Twitter CEO Jack Dorsey hosted a virtual Q&A with former U.S. National Security Agency contractor and whistle blower, Edward Snowden, at the Twitter headquarters in San Francisco Tuesday to chat about privacy, Twitter and the current state of journalism.
Viewers tuned into the livestream via the Pardon Snowden Twitter account, and submitted questions using the hashtag #AskSnowden.
Snowden, the world's most famous whistleblower-in-exile, described himself as a "privacy advocate" during the chat, and gave a shout out to journalists, especially newspaper reporters who "let us know the truth about the world."
"There aren't a lot of journalists who get into journalism to get rich," he said.
Snowden joined Twitter in 2015, two years after he flew to Russia following espionage charges by the U.S. government. As of today, he is believed to be still living in an undisclosed location in Russia. Depending on who you ask, Snowden has been called a hero, a traitor, a dissident and a patriot.
"There are few things I enjoy more than reading a book, but I am a child of the internet," he said, adding how he loves to stay connected to the digital world.
"How do you make sure current and future generations never treat government surveillance as normal?" was one of the questions that came up.
"It's gonna be a challenge," Snowden said, explaining that individual voices are ultimately weaker than government organizations."How do we have private communications, protected conversations between families, between a newspaper and its readers ... We might need to use technology to find solutions we've never seen."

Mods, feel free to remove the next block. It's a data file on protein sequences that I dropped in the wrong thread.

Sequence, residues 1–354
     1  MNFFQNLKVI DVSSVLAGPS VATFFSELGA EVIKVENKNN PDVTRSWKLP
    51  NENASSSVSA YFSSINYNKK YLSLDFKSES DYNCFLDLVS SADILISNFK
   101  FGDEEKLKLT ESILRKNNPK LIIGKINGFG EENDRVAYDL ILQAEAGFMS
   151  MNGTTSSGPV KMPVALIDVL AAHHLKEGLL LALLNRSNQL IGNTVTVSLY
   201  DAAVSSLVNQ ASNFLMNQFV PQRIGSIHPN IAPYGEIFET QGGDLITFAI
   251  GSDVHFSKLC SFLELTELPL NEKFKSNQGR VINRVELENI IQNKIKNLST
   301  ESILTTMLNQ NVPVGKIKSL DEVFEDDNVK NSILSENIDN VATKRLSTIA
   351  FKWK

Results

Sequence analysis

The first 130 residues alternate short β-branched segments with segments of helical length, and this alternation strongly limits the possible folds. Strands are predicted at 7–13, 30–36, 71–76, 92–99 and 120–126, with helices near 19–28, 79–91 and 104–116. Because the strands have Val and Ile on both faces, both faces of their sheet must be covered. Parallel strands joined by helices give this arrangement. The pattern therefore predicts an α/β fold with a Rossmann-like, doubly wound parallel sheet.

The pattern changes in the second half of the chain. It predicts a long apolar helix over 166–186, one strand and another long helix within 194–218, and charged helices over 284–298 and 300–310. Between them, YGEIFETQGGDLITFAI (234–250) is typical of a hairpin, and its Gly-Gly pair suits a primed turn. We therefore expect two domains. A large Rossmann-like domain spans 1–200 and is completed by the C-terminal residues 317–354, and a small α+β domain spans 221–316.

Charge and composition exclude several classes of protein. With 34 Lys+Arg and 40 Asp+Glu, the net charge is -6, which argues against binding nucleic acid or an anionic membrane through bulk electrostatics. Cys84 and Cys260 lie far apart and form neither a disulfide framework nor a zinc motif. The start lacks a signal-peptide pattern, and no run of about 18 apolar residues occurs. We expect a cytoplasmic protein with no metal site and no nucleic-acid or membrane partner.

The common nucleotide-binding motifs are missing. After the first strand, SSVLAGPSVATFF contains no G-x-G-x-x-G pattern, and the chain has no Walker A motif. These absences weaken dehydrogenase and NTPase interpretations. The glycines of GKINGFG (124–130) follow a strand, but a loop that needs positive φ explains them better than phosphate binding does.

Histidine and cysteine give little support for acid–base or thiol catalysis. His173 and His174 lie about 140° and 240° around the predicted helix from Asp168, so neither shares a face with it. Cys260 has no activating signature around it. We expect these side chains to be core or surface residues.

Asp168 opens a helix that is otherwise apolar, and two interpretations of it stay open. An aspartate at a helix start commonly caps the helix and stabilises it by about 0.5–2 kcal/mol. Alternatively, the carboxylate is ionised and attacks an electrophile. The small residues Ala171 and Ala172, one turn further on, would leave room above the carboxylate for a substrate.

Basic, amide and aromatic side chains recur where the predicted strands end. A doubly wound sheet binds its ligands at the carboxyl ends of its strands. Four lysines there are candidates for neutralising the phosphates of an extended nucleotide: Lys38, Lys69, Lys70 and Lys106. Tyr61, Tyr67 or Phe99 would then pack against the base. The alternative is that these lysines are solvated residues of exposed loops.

At one point, Dorsey asked Snowden about feedback on Twitter: "What would you like to see us do? What would you like to see us improve?"
"There’s a lot of controversy about editing tweets. The risks I do understand," Snowden said. "But surely there are ways around this. Oh, I made a typo. Oh, that wasn’t exactly what I wanted to say. Wanting to be a little more careful, or clear, I think those are all things that would provide a lot of value."
Several high-profile appeals through the Pardon Snowden campaign have asked President Barack Obama to pardon Snowden this year, including those from Steve Wozniak, George Soros, Daniel Ellsberg, Neil Gaiman, and Dorsey himself.
Snowden recently appeared via video from Russia during Fusion's "Real Future Fair" in Oakland, calling president-elect Donald Trump "dangerous." He told his audience the future rests in the hands of the people, and not Trump.
"If you want to build a better future, you’re going to have to do it yourself,” he said. “Politics will only take you so far."
Snowden is scheduled to appear in a City Arts & Lectures video conversation with Daniel Ellsberg at the Nourse Theater in San Francisco on February 26